It is easier to amend to whatever consistency suits you and the plants are very clear about it...they love it.

The difficulty is keeping the nutrients in and watering during the dry times.  My solutions/experiments there are drip tape watering (triple thumbs up!!!) and biochar (experiment still running, but looks very promising).

earthwise's picture
earthwise
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cmartenson wrote: Nate

cmartenson wrote:

Nate wrote:

Comment and question;

Pulling the carrots out of the ground exposed WONDERFUL soil!  Long ago you mentioned you were sitting on many feet of sand.  How did you build it up to this level so quickly?

Could you provide some detains on the hand pump?  Looks like an outstanding investment to me.

Um...the soil...truthfully?  I bought it.

......... apparently there are construction projects on this magnificent soil and they remove it from time to time...I found some for sale and bought two 16 yard trucks worth at ~$500 per load, delivered), .........

Gives new meaning to the phrase Black Gold. Wonder how long before the banksters trade it through an ETF and manipulate it's price on the Comex.

Nate's picture
Nate
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Posts: 461
from the past

cmartenson wrote:

The Simple Pump...very easy to install...took me about an hour and a half.  Not cheap, but should last forever.  Or close enough.  Now I am working out how to power it to feed a small retention pond and maybe to auto-magically water the garden...wind?  Solar?  Not sure yet.

In the San Joaquin Valley local ranches have historically used windmills to pump water to a tank about 15 feet off the ground.  The water table was and is about 30 feet.  This provided enough pressure and water for the home and a small dairy herd.  When the tank filled, the windmill was manually disconnected from the pump. Our area still has numerous windmills and tankhouses standing, but I have yet to find one that is pumping and storing water. 

tricky rick's picture
tricky rick
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Posts: 74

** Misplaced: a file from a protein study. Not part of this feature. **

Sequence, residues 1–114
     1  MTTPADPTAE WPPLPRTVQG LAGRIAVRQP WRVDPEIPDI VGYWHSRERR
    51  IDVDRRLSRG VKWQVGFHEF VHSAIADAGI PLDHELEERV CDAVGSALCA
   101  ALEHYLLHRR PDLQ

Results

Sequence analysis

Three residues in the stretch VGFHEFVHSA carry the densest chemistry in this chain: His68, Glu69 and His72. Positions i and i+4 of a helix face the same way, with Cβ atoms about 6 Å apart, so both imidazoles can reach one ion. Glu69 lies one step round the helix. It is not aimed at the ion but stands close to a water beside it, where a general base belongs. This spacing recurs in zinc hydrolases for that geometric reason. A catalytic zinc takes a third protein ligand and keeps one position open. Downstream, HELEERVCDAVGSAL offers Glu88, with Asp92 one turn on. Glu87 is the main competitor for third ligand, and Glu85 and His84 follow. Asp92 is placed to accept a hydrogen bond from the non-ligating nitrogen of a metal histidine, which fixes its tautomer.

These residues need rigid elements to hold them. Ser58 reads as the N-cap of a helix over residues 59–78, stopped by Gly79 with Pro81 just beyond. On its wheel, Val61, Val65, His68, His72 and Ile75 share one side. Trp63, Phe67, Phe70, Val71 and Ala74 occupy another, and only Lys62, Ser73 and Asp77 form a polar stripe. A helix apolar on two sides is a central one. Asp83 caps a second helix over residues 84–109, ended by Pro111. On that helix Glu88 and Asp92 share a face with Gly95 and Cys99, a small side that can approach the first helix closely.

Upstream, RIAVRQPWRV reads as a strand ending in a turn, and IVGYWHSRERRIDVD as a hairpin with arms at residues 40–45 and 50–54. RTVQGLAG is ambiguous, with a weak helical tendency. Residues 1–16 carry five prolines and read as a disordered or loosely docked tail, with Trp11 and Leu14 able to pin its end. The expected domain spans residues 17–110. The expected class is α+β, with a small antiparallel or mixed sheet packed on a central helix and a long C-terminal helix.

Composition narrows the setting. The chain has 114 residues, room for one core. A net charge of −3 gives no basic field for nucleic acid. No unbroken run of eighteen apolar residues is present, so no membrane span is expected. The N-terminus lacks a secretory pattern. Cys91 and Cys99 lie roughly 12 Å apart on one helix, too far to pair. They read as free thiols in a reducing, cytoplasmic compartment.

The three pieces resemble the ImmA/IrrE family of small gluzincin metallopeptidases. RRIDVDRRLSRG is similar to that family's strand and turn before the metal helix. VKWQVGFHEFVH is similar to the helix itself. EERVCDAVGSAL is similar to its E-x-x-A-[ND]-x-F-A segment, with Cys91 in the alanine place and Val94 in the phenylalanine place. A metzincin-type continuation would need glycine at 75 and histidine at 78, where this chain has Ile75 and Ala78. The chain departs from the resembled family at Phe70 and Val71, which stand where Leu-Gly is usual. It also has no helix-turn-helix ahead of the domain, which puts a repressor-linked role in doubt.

spot on!

Hi Chris:

nice spot...  going to pass it around to all over the holidays...

Gotta say:  the tv folks let you convey a good message...

two things i liked: the segue from corporate AND the description of the plight of the young grow

into OUR debt!

Always appreciate you and Adam and your good works

tricky

boise

I too have a Simple pump, works well with little to go wrong (that's a plus!)

Assume that's your wife pulling the carrotsand feeding the chickens??

to_be_frank's picture
to_be_frank
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Posts: 10
Cast Iron Hand Pump

For anyone looking for a more traditional cast iron hand water pump, you can obtain them from  www.bakerwatersystems.com/products/water-well-accessories/hand_pumps/hand_pumps/force-pump-stands.  I have the model 11HD, it has served me well for 6 years, and looks great by my Victorian farmhouse.

Poet's picture
Poet
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Posts: 1840
Congratulations and Merry Christmas!

Wow, a beautifully done piece! And I think your message is definitely reaching more receptive ears.

Congratulations and Merry Christmas!

Poet

pinecarr's picture
pinecarr
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Posts: 1573
Really nicely done, Chris

Wow, really nicely done, Chris.  And kudos to the producers at wcvb.com for presenting your message so cleanly.

I wonder, so many people know something is wrong, but don't understand what is going on, what the root(s) of the problem are, or what to do about it.  Maybe more people are finally ready to listen to and hear a narrative that "makes sense" of it all.

Pioneer's picture
Pioneer
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Posts: 60
video on disc or downloadable

I forwarded the video site-link to my network.  It would be great to have it on disc or downloadable to my computer.  It's amazing how short is the attention span of people to anything different, even intelligent, practical people.  Though they would be receptive to the notion of paraigm shift driven by the reality of the three E's and the need for a more empowered, joyous and meaningful life they will not take the time to view the Crash Course, long or short version.  This short video story on Boston TV would be a great taste-sampler to catch their interest, wake them up enough to go further.